CHICOPEE, Mass. (Mass Appeal) Dogs need help relaxing and Jill Haley Rose, Certified Professional Dog Trainer from Paws of Nature Family Dog Training and Missy Kielbasa from Sandy Meadow Farm shared ways to make sure they are comfortable.
Relaxed Restraint & Body Handling – A Life Necessity for all Family Dogs;
Whenever we get a new dog or puppy, we tend to be focused on teaching them basic obedience manners such as sit, lie down,
and coming when called. One of the most important things we should be teaching them gets overlooked
and forgotten about until the time comes when we really need those skills. Teaching our dogs to be relaxed and comfortable
while we can clean their ears, remove a tick, or examine a wound and administer medicine allows us to safely take
better care of our dogs while helping the dog feel less stressed during the process. Your veterinarian will appreciate it too.
Long Stroke Massage
Start off by helping your dog relax by using very SLOW long strokes, starting from his head or jaw line, and working your way
over his entire body. You should start to see his breathing slow, his eyes get almond shaped and even squinty, and he might
even let out a yawn or two as he starts to enjoy your massage.
Once he is in a very relaxed state, you may gently start touching different areas of his body such as his ears, paws, tail, etc. You can
even say the body part’s name you are touching so the dog will learn what to expect over time.
If he starts pulling away, mouthing you, or showing other signs of being uncomfortable, then write down what area of the body
he was uncomfortable with you touching. Next time you practice you will have a pile of tasty treats. You will just reach for or touch
that body part lightly, while following the touch immediately with a delicious treat. You will need many repetitions to help the dog
start to feel better about you touching that body part. If the dog is still really worried, you can also use a spoon with something sticky
on it that the dog can lick while you are touching the body part.
The Fork Lift Restraining Hug
The number one reason many dogs become anxious is not necessarily the procedure you need to do, but having to be restrained
for the procedure itself. Teaching your dog to be relaxed for restraint is one of the most important things you can do for your dog.
Start with getting your dog in a relaxed state using your long stroke massage.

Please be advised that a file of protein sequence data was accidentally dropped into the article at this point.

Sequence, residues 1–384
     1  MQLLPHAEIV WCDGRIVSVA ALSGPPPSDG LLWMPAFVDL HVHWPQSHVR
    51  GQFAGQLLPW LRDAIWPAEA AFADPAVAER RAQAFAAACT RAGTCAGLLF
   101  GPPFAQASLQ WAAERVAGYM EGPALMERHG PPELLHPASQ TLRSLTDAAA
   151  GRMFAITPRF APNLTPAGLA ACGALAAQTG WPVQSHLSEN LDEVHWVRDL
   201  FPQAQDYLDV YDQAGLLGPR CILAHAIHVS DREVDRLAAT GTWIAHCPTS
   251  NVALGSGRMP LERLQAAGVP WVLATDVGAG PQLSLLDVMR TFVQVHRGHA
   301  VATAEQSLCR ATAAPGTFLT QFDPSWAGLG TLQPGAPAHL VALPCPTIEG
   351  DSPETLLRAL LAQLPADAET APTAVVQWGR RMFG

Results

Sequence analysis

Hold your arms out in front of you like a fork lift and put one arm under and around the dog’s neck and the other under his chest.
Gently pull him towards you while labeling it “Hug”. Release him after holding him for 1 second only. If your dog is comfortable
for 1 second holds, start practicing longer holds. This time pull him close towards you while saying “Hug” and then count out
loud to 3, release him and say “All Done”. Over time, practice for longer holds – work your way up to 5 or 10 seconds.
If your dog is struggling and not relaxed, then don’t force him. We want the dog to remain relaxed. Use a spoon with something
sticky that he can lick while you practice, and keep the hug restraint short until he is relaxing more.
Muzzles – They aren’t just for bad dogs
Every dog should be comfortable wearing a muzzle. If your dog gets injured or sick and is in pain, he might not be himself and will not want you or anyone else trying to touch him to administer medicine or change a bandage. Luckily, it is easy to teach a dog to love wearing a muzzle, just like he loves his leash.
Use the right muzzle
We recommend the Baskerville Ultra. It is light weight and allows the dog to pant naturally with an open mouth so he doesn’t
overheat on a hot day. It has a special opening made into it so you can deliver tasty treats. He can also lap water through it, yet it is very secure once it is fitted correctly.
Condition your dog to love his muzzle
- Introduce the muzzle by allowing him first to see it and smell it. DO NOT PUT IT ON.
- Have a pile of awesome special treats nearby. Put muzzle behind your back. Bring muzzle out and show to your dog.The moment he sees it, Yes! praise & treat. Repeat for several days.
- Bring muzzle out and pull all the straps aside and put the opening side facing your dog. Have tasty treats or a spoon withsomething sticky coming through the opening so your dog is willingly putting his nose inside the muzzle to get the treats.
- Yes! Praise & treat. DO NOT PUSH THE MUZZLE INTO YOUR DOG. Repeat for 7 days.
- At this point your dog should be showing a “yippee!” happy response to seeing his muzzle. Your will now attache to his collar and buckle it, but not too tight. Feed him lots of treats with praise. Repeat for 7 days.
- Make your final adjustments so the muzzle is fitted properly. Lavish the praise and tell him how brilliant he is. Repeat for 7 days.
- Maintenance – once a week, have him wear his muzzle for different durations. Always make it a pleasurable association.